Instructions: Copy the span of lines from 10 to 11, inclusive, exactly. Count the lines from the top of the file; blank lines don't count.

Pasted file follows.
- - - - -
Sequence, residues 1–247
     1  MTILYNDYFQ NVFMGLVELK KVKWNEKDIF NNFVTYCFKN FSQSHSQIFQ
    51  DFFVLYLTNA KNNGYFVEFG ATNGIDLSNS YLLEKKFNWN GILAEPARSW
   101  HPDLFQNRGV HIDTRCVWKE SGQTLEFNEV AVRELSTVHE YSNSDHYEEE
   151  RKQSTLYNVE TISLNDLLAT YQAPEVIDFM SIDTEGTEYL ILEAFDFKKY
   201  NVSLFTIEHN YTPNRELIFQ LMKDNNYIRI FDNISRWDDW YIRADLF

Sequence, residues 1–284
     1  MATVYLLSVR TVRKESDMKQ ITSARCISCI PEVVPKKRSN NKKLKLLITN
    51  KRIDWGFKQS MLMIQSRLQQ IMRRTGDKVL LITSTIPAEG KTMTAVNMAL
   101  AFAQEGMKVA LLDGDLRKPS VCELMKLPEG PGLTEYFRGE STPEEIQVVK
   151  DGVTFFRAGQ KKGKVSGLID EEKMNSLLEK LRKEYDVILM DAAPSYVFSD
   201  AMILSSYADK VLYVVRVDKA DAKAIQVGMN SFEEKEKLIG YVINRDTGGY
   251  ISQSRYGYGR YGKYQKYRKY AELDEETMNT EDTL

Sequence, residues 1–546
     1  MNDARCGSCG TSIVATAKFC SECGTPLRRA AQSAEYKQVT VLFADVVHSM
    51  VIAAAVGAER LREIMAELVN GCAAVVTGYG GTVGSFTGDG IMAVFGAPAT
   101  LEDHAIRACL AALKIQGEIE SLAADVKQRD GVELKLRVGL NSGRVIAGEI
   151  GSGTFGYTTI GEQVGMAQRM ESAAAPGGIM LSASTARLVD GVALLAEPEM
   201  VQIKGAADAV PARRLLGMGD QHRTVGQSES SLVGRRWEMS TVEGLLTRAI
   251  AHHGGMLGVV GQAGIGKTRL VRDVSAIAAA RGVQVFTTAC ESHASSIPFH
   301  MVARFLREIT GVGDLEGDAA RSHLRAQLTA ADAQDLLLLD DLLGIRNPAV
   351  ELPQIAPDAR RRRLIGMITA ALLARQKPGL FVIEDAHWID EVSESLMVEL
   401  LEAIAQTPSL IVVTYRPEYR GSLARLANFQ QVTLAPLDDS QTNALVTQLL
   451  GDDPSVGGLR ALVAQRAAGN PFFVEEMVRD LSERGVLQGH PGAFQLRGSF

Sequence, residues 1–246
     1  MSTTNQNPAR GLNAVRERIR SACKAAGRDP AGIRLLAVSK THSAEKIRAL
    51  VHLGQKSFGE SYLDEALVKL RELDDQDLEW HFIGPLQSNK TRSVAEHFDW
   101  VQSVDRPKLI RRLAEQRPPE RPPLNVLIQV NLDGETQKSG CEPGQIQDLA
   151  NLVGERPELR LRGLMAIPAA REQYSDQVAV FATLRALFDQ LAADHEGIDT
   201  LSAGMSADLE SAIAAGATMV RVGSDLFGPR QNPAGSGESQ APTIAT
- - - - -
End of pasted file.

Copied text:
   101  AFAQEGMKVA LLDGDLRKPS VCELMKLPEG PGLTEYFRGE STPEEIQVVK
   151  DGVTFFRAGQ KKGKVSGLID EEKMNSLLEK LRKEYDVILM DAAPSYVFSD